Re-designing death : an expression of the human bereavement process through crematoria design
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Citation:Pham, H. (2014). Re-designing death : an expression of the human bereavement process through crematoria design. An unpublished research project submitted in partial fulfilment of the requirements for the degree of The Master of Architecture (Prof). Unitec Institute of Technology, Auckland, New Zealand.
Permanent link to Research Bank record:https://hdl.handle.net/10652/3081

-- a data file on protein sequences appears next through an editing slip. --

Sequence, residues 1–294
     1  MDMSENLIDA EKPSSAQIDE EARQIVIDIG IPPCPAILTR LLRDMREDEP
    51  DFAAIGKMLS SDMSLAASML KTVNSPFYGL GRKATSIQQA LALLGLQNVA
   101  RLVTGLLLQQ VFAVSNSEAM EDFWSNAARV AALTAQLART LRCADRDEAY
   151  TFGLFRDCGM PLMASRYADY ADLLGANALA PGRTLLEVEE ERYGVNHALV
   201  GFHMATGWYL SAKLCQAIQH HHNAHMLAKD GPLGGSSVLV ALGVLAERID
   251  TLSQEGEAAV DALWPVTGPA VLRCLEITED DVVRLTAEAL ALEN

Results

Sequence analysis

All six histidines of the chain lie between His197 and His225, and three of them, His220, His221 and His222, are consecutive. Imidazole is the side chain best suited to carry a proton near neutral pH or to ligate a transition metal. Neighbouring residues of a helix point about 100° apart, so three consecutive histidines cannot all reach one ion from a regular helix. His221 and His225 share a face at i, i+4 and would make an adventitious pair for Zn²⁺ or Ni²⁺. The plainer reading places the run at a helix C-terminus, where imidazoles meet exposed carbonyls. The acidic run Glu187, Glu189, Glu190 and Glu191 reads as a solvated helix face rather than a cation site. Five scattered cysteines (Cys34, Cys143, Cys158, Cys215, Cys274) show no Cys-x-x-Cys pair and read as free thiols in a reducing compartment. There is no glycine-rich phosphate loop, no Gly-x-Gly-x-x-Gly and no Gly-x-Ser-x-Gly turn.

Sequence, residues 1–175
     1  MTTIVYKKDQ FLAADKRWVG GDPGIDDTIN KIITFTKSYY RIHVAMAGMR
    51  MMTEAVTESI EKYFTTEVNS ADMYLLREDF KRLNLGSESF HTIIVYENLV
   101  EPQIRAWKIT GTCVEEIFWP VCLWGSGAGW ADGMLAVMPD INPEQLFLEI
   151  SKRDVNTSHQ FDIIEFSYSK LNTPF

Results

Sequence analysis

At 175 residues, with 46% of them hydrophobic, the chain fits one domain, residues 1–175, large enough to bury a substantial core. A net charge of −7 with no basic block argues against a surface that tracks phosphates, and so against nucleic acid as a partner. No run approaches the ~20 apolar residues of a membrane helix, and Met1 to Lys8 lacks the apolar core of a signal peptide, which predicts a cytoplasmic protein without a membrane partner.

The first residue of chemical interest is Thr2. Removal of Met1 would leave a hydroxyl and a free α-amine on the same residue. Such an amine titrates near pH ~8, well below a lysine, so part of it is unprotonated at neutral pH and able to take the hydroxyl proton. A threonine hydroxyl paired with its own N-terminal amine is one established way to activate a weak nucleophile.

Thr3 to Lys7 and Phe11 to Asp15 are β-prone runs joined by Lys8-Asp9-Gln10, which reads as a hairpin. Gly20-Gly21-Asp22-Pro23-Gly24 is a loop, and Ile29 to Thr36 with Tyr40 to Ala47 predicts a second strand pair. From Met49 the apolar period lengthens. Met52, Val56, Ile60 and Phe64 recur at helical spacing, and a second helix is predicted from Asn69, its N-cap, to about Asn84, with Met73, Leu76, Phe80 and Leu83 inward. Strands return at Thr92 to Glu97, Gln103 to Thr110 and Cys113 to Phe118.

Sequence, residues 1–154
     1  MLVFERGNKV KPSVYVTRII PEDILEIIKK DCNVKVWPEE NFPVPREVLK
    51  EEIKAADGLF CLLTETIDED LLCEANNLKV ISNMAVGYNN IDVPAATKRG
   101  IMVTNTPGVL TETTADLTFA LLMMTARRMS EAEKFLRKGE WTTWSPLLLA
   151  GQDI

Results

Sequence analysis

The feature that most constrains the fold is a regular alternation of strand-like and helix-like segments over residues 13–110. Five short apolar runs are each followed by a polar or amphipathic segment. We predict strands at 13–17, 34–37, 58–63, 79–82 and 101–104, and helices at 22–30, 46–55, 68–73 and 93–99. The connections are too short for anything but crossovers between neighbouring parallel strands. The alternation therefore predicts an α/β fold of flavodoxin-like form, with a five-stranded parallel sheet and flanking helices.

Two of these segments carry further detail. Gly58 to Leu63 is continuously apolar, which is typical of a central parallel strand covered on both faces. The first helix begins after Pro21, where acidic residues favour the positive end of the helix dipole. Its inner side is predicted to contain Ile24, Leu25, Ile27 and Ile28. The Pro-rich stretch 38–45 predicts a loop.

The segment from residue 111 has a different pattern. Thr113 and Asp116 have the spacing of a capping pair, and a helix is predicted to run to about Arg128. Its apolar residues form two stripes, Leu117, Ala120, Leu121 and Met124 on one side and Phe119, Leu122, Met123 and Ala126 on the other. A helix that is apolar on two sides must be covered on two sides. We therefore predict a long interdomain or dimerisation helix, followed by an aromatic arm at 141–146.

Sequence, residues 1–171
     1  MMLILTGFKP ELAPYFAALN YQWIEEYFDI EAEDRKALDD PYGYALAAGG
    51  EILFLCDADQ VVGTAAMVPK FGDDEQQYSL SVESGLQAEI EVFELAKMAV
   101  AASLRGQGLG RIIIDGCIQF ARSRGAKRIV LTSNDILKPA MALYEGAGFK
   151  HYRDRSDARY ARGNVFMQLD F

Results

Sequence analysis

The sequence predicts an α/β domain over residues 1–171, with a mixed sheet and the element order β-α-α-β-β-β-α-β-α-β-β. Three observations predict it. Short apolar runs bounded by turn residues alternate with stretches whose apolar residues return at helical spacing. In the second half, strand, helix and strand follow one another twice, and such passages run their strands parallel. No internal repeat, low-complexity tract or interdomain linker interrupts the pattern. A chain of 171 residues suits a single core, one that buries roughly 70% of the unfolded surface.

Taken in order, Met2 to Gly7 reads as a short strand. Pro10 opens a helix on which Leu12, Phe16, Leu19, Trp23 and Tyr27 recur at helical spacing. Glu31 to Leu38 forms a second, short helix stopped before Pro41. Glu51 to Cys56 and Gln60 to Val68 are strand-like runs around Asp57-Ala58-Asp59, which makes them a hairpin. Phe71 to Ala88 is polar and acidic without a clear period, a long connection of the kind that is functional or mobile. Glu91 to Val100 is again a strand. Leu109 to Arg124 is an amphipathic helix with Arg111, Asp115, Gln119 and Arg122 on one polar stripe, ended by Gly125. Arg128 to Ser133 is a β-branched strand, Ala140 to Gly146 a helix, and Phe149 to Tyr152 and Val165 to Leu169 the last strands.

This paper presents a novice’s reflections on the aftermath of the death of a close one, discussing the process of grieving and mourning, straddling across analytical philosophical treatments and research. This paper shall indulge the reader in few brief psychological models to illustrate how grief is viewed, and how it affects its sufferers. This will be followed with a survey of precedents relevant to this project and an attempt at an analysis and survey of some current thinking among psychologists and philosophers on the enigma of death, and on the associated praxis of grief and mourning. Finally this proposal will test the research and develop a design for a new crematorium complex. Although cremation did not claim widespread support until the second half of the twentieth century (with currently 70% of deaths cremated in New Zealand); little has been publicized about this architectural form. While this project will address the utilitarian aspects of the crematorium by design, the main challenge is addressing the emotional processing of the bereaved. The funeral process has profound potential to provide an appropriate mood experience to assist in the grief people endure with the loss of another. The design in this research engages with this requirement by using a planning device called an architectural promenade. The site chosen for the crematorium is Te Ahua pa above Mercer Bay on the coastline of the Waitakere Ranges. Mercer Bay is a remote site located between Piha and Karekare. This site is not accessible by vehicle and can only be accessed via hiking through designated tracks. Vehicle access ends on the north at Log Race road and South on Watchman’s road at Karekare where the walking tracks begin